Creating online learning for your customers, clients and channel partners used to require several experts in information technology, software development and instructional design.
Luckily, today’s tools make this work a lot easier. All the same steps may be involved, including selecting the content and graphics production to project management and pilot testing, but new tools make them much less daunting to accomplish.
Still, if you are unsure how to create an online course for the first time, you might be feeling a little intimidated. Don’t despair. Typically, much of your time falls within the pre-planning stages — choosing the content, storyboarding, designing the look and feel of the instruction — as well as the actual production and programming of the courses. Handle those tasks properly and expeditiously and you’ll have scalable elearning in place in no time.
Here are six easy-to-follow steps for creating your online training program.
Step 1: Decide on course content
First determine the purpose of the online education program: Is it to instruct learners on a specific tech program or skill? Or is it to help them be better practitioners in their industry? Is the aim to create a short digital instructional video to promote your brand and services? Is the program a one-off course or a series of elearning training blocks?
Embedded in this front-end planning is getting an in-depth understanding of your customers and audience. In your dealings with them they may have given hints about what they want to gain from an elearning program. Once you ascertain that, you then have a broad outline of the content you need to develop within the online courses. More importantly, by being guided by your customers’ and partners’ requests, you’re assured the elearning program you create offers enough value to them that they’d pay for it.
Step 2: Gather all your materials
Once you collect all relevant materials — whether those be PowerPoint presentations, hard-copy manuals, videos, or test sheets — organize those pieces in a cohesive manner. So you’re not overwhelmed by an overabundance of files that can lead to distraction, select only those materials that have a direct correlation to the course content you want to transfer to an elearning program.
Step 3: Begin storyboarding the course with your team
At this point in the process, you have identified all team members, from subject matter experts (SMEs) to instructional designers (either on staff or a contract hire) as well as technology pros and marketing associates. The team members then storyboard the course content, breaking it down into specific modules, each with a specific topic and learning goal. And, as we discussed in a previous article on storyboarding your course, it might be a good idea to test your storyboard on potential users, which will minimize the need to add new content after your tests later on.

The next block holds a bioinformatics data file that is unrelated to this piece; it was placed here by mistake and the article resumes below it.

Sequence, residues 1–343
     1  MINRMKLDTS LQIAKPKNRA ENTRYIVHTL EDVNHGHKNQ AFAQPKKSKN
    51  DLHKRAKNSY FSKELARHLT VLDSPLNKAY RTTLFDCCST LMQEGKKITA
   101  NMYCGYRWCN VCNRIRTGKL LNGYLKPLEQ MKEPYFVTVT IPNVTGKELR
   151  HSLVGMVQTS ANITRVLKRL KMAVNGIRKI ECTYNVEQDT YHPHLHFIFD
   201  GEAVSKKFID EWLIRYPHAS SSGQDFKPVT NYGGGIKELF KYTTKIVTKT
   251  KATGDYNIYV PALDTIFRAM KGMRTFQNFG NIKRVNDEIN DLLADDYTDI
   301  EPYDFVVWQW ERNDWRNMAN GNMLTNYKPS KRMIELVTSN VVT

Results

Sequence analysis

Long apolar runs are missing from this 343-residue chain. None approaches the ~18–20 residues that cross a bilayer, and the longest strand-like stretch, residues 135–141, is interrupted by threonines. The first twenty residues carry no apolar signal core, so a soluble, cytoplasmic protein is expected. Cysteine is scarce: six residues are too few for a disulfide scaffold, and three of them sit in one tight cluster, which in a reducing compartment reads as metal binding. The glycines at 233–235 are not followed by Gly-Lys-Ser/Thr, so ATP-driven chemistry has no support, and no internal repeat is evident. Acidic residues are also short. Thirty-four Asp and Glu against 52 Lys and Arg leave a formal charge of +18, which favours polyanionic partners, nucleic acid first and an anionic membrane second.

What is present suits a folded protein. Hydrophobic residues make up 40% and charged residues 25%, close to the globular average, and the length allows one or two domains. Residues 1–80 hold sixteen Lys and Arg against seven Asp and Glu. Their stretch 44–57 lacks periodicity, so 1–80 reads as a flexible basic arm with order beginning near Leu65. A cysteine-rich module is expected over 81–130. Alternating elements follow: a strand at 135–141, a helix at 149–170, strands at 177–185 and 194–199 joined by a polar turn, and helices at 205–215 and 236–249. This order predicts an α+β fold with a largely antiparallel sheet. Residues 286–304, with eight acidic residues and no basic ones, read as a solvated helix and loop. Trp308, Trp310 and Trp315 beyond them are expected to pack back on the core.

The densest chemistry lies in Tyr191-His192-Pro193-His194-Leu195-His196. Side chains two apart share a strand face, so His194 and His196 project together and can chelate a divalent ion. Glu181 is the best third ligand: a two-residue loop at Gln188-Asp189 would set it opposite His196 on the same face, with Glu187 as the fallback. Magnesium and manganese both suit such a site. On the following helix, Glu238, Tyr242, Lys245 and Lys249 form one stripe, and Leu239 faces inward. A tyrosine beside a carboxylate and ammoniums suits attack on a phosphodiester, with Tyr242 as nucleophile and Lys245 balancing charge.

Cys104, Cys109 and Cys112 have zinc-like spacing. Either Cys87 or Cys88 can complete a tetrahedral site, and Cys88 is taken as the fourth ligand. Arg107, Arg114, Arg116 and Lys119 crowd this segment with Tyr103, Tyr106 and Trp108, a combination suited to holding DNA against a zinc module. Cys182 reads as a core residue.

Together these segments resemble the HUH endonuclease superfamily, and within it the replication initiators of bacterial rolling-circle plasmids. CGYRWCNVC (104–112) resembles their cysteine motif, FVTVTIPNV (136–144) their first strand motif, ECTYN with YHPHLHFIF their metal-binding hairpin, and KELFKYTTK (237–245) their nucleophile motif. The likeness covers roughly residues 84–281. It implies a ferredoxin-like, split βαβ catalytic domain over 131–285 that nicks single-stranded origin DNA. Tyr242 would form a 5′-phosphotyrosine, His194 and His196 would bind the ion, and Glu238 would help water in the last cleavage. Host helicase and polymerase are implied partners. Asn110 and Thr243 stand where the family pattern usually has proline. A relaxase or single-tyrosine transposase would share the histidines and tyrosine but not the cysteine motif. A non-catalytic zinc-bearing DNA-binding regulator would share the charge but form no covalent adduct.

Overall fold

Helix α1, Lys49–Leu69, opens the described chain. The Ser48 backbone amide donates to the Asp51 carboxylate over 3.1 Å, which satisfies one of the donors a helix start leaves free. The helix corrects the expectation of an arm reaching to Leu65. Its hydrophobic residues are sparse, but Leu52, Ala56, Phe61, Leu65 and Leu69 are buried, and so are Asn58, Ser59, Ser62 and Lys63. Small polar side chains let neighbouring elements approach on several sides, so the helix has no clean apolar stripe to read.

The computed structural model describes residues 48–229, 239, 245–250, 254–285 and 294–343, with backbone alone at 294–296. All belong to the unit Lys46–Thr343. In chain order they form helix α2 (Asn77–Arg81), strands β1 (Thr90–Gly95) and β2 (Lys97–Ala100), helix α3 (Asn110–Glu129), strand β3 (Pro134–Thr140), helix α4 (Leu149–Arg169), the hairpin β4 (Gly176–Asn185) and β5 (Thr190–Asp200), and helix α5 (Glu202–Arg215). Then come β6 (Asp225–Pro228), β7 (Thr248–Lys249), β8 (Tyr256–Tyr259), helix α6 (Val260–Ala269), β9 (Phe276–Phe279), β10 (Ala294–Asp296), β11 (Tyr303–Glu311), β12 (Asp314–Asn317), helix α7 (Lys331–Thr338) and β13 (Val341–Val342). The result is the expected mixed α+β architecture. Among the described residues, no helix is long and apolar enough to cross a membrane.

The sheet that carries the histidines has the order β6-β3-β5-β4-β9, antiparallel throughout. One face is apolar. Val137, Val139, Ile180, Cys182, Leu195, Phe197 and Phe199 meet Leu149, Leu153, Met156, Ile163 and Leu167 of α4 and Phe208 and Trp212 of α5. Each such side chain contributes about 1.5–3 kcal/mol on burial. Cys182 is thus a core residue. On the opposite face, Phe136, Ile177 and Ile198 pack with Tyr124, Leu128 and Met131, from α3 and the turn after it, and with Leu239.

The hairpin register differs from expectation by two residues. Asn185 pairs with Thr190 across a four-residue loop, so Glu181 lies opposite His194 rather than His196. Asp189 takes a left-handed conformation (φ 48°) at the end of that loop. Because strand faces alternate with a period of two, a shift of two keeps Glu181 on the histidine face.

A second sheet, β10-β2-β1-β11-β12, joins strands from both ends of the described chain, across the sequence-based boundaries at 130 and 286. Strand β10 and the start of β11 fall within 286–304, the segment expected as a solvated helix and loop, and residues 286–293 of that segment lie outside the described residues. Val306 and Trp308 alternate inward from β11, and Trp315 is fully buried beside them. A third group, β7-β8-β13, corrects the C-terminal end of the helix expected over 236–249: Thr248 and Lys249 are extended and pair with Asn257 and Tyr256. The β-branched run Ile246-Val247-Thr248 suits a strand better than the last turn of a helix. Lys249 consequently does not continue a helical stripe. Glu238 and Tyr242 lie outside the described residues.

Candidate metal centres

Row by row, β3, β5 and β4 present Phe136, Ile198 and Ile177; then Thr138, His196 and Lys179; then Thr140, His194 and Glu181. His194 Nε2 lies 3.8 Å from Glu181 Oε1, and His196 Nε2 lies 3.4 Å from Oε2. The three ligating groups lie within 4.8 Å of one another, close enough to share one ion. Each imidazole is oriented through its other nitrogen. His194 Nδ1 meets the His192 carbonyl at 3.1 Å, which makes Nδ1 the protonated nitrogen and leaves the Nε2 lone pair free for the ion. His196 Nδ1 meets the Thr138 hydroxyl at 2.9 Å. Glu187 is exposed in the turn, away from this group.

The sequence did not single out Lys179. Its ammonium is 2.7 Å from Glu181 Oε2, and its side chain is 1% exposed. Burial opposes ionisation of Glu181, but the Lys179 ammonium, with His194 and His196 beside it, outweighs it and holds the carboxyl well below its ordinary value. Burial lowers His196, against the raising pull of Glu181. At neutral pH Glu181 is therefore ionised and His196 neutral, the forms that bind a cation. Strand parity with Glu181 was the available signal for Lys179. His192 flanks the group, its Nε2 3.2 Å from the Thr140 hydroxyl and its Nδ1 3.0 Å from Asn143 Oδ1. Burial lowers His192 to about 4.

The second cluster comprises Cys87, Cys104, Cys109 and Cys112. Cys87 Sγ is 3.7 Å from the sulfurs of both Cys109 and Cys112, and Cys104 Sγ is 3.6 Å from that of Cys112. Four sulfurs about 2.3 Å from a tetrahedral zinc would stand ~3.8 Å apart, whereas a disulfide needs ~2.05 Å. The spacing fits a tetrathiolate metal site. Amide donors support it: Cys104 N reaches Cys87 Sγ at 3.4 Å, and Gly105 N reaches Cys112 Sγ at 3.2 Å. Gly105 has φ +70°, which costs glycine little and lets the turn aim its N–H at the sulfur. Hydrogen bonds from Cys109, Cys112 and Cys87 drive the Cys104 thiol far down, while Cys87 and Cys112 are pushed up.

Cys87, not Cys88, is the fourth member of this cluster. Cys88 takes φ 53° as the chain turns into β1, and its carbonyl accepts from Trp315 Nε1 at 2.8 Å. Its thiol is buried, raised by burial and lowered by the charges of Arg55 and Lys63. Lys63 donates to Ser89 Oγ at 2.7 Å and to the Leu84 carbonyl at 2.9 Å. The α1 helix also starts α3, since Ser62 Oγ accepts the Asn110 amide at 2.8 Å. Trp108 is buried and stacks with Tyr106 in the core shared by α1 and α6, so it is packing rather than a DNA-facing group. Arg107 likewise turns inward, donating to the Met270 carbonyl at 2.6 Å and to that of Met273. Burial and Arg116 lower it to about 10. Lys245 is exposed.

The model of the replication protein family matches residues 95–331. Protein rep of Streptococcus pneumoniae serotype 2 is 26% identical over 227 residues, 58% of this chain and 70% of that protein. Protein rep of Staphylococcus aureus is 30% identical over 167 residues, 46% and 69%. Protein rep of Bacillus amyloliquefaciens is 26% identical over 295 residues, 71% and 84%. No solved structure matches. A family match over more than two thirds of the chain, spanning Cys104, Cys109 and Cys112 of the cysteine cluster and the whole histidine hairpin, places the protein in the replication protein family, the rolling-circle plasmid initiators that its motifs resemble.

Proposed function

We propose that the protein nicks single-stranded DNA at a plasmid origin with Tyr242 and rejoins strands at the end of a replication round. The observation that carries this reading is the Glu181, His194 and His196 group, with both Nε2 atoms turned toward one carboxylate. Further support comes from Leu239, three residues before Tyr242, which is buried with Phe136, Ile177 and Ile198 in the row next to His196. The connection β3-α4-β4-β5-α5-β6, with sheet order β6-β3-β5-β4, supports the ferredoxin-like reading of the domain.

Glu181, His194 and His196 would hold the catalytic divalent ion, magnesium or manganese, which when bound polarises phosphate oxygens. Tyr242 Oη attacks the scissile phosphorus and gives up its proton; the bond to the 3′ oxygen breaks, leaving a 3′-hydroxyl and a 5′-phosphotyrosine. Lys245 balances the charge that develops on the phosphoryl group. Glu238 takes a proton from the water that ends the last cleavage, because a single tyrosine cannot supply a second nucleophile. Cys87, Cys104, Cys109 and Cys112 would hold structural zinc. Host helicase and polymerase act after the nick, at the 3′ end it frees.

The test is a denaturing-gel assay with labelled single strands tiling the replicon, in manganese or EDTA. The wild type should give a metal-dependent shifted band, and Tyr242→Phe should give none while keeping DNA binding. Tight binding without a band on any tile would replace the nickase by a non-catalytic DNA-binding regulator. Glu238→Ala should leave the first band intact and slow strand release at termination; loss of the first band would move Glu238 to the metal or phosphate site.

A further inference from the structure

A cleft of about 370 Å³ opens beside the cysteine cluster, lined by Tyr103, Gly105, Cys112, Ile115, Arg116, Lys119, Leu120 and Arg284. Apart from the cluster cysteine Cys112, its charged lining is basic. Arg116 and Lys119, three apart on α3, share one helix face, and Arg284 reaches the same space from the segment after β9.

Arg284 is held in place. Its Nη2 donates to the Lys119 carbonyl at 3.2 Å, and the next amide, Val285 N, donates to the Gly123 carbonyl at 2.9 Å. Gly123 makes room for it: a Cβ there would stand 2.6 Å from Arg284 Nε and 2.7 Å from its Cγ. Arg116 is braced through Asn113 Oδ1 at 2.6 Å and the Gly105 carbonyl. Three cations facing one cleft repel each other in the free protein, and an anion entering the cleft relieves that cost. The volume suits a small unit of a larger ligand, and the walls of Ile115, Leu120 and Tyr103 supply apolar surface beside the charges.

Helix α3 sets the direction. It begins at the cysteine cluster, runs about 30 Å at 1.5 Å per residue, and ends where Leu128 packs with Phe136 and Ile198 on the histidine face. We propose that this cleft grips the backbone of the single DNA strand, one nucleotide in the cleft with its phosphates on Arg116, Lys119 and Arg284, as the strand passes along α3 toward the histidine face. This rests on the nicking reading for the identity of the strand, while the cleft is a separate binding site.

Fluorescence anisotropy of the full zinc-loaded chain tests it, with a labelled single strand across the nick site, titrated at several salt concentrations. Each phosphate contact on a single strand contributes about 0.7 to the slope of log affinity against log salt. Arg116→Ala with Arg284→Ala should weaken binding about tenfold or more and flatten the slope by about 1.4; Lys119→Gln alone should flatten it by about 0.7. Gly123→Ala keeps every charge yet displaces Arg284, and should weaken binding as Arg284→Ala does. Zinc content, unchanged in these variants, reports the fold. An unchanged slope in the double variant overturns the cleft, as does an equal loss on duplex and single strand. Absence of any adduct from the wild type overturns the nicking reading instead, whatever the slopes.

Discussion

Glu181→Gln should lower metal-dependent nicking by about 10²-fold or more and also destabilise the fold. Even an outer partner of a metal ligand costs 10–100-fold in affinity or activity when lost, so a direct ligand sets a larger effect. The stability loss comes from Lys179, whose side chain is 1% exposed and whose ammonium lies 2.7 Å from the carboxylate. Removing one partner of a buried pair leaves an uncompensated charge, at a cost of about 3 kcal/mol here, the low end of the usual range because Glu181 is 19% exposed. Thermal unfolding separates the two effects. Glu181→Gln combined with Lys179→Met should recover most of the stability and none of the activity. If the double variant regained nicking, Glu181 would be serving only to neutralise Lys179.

At this point in the process, project management comes into play. Establish a tentative timeline for when specific tasks are to be completed. Although milestones inevitably get delayed for numerous reasons, a schedule keeps the team focused on what needs to be accomplished.
Step 4: Choose the right tech tools.
The marketplace offers a wealth of technology for elearning creation, everything from content authoring software and learning management systems (LMS) to video and audio tools. Your team must first decide what formats it wants to use in the elearning program, i.e., text backed by audio narration, original videos, or a combination of both. Likewise, your on-staff talent can create the graphics in house, or you can procure graphics from outside sources.
Whatever the format, incorporate interactivity within the elearning content, either with simulations, games, chat boards or quizzes. Such elements keep learners engaged. Accordingly, make sure whatever tech tool you ultimately select features the ability to track learner progress. That way, you can assess how often they engage with the instruction and whether they’re obtaining the required skills.
Step 5: Prepare a draft of the program
Assemble all the components of the elearning program and create the first draft of the courses. This is the point in the cycle when the SMEs and instructional designers review the content to flag any mistakes or omissions to ensure a consistent flow to the instruction.
If any technical glitches pop up during this stage, notify the technology team members so those can be rectified. Pay attention as well to the overall look of the program. Are you using a white label software and incorporating your own company’s branding and design? Now is the time to check and ensure your course presents a professional image and is easy to read and navigate.
Since mobile devices have become ubiquitous, view the courses on a tablet screen to ensure the learner has the same experience he or she would have on a desktop.
Step 6: Test the online courses
Pilot your courses with a select group of customers. After they have maneuvered through the program, request feedback on where the courses need improvement. Perhaps they require more training on a facet of the program you may have overlooked or where you gave minimal instruction.
These test learners will also provide input regarding the flow of the program. Did the training progress logically, or did learners stumble at certain points in the program? Obtaining this candid feedback enables you to perfect the program before its official launch.